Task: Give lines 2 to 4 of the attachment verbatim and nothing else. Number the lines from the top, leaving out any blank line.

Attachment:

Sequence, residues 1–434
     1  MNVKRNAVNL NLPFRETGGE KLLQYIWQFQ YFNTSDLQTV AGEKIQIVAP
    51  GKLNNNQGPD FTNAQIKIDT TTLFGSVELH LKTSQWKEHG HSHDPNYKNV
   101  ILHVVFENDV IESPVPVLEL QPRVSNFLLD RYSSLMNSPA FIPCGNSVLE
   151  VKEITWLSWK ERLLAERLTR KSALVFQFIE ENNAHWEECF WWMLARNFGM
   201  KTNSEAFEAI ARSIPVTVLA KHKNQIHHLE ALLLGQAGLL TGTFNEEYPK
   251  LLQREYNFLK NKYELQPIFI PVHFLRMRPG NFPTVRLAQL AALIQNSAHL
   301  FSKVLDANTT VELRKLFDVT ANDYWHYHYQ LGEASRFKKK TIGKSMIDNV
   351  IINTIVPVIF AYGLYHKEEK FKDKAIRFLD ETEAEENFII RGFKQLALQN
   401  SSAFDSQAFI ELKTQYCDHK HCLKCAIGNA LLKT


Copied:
     1  MNVKRNAVNL NLPFRETGGE KLLQYIWQFQ YFNTSDLQTV AGEKIQIVAP
    51  GKLNNNQGPD FTNAQIKIDT TTLFGSVELH LKTSQWKEHG HSHDPNYKNV
   101  ILHVVFENDV IESPVPVLEL QPRVSNFLLD RYSSLMNSPA FIPCGNSVLE